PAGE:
Which food should birds not eat?
Like me, so many people enjoy feeding the wild birds that visit our gardens. Pre-prepared seed mixes and suet balls are always a good idea, but isn’t it nice to give them the occasional treat from the kitchen?
Not all human food is safe for our feathered friends, so I decided to compile a list of which foods birds shouldn’t eat.
You might be shocked to find that some foods you previously gave to the birds provide absolutely no nutritional value to them.
Worse still, other foods such as some seeded fruits, roasting fats, and milk are actually harmful to birds.
When supplementing their diet, we should provide only the best foods that enhance and not inhibit the birds’ lives.
Which Foods are Harmful to Birds?
Salt is a rarity in much of the food birds eat in the wild. Like humans, they can only process limited amounts before it becomes harmful.
Too much sodium leads to excessive thirst, dehydration, kidney problems, and in the worst cases – death.
Even ‘healthy’ snacks contain high salt levels that upset the balance of electrolytes and fluid; avoid giving human cereal bars and seed snacks to the birds. Pretzels and potato chips might seem safe, but they contain lots of salt and untested chemicals.
Unsalted air-popped popcorn is a safer option.
Avocado is a current favourite and possesses super-food powers. Sadly, they are completely opposite to the birds.
The leaves of the avocado produce a fatty acid called persin; it is toxic to birds. It acts as a fungicide and finds its way into the fruit.
Although it might not be present in all varieties of avocado, it is difficult for an untrained human to tell species apart. Play safe; steer clear of offering any avocado to the birds for fear of causing heart problems, respiratory illness, and death.
If you have ever drunk too much coffee, you might have felt your heart race and be unable to sleep.
Imagine that same effect on the tiny internal organs of wild birds.
Not only does caffeine cause hyperactivity and irregular heartbeat within our feathered friend, but it might also result in death.
Birds are tempted by chocolate almost as much as I am, but it is toxic for them.
Not only does it contain caffeine (we have already seen the harmful effects of that) it also contains theobromine. The side effects range from vomiting and diarrhoea to increased heart rate, tremors, and seizures.
Birds will appreciate a fruity, sugary snack just as much, maybe sliced grapes or mango. It’s a win-win situation; you get to eat all of the chocolate!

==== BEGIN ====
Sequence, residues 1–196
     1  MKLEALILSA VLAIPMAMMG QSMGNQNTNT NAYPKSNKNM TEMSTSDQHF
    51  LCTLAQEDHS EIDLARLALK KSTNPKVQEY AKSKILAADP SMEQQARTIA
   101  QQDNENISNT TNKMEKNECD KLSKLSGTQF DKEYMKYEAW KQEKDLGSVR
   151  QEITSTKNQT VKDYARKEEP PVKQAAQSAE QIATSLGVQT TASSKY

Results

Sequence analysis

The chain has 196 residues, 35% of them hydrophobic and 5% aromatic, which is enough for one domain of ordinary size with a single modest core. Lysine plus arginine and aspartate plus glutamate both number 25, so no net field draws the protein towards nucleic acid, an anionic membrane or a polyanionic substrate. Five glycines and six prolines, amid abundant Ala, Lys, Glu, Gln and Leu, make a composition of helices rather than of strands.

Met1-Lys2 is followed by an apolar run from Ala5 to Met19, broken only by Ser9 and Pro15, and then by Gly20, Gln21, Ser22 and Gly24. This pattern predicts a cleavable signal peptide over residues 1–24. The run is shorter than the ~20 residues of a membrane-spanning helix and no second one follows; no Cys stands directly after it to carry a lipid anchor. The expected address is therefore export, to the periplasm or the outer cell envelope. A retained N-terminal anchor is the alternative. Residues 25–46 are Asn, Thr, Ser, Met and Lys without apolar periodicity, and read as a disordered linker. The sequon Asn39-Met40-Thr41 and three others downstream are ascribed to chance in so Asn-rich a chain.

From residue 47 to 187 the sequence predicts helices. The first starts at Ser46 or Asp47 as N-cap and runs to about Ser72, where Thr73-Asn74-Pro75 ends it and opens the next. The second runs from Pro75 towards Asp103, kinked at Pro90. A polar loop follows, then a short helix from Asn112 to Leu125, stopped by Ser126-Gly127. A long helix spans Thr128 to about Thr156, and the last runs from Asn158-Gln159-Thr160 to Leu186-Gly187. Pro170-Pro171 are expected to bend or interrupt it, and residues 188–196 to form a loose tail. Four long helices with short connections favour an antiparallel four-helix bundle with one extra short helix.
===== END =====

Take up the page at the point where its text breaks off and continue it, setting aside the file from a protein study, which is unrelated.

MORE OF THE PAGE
SOME Fruit Pits and Seeds
This isn’t quite as straightforward as it might be, and it is probably easier to make a list of which fruits are safe and those that aren’t.
Most fruits are a healthy, nutritious snack for the birds; only a few of those with pits or seeds are toxic due to the levels of cyanide compound within. Once they are removed, the fruit is perfectly safe for consumption.
Fruit that needs to have seeds removed; apples, pears, cherries, apricots, plums, nectarines, and peaches.
SAFE fruit without removing seeds or pits; citrus fruit, squash, pumpkin, pomegranate, melon, mango, berries, and tomatoes.
Onions and Garlic
Onions and garlic are proven to have healthy heart benefits in humans yet are toxic to birds and other wildlife.
Whether raw or cooked, alliums are harmful to birds as they contain sulphur compounds. When chewed, they irritate the lining of bird’s mouths and the oesophagus, causing ulcers and anaemia.
Garlic also contains allicin, another anaemia causing ingredient that leaves birds weak and susceptible to predation.
Bell peppers make a Vitamin A packed alternative for a snack for the bird visitors.
Rotten Bird Seed
Birdseed that doesn’t get eaten within a few days, tends to grow mould quickly. It fast becomes a home for fungi, bacteria, and parasites, and hungry birds might still try to eat it.
It is unhealthy, unappetising, and can result in tummy upsets through to fatality.
You might be tempted to soak bread in milk to make it more appetising for the birds. It can cause more harm than good; they are unable to digest milk and results in stomach issues, sometimes worse.
Always give birds fresh water to drink; it is vital to their health and well-being.
Although it might seem tempting to add the remainder of the baking tray to some seed, it is safest not to.
Not only is it high in salt and fats, but cooking oils don’t solidify as suet does. Should their feathers get coated in it, it makes it difficult for the birds to preen themselves or to fly.
Suet and lard contain necessary and valuable healthy fats and make the best seed and fruit packed treat.
Which food shouldn’t birds eat
White bread is the first thing we reach for to feed the birds, and while it isn’t toxic for them, it has very little nutritional value.
Bread swells up in bird’s stomachs, giving them a ‘full’ feeling even though they have had no essential nutrients.
If bread is the only option, try feeding small amounts of seeded or wholegrain; they’re much more beneficial than processed white bread.
Pizzas, burgers, and chips are bad for humans due to their high salt, sugar, and fat content. It is exactly the same for birds; put your scraps in the bin, not the bird table.
There are many foods that birds shouldn’t eat, some that cause grave harm. We can decide the safest treat to feed the songbirds with just a little common sense.
As with our own diet, everything in moderation. A few cakes crumbs, some leftover grated cheese, or a homemade, healthy scone isn’t going to harm the birds.
Just remember to sprinkle a little at a time, and only occasionally. Birdseed and suet contain the perfect balance to supplement the diet – the rare treat here and there ensures they keep returning! xxx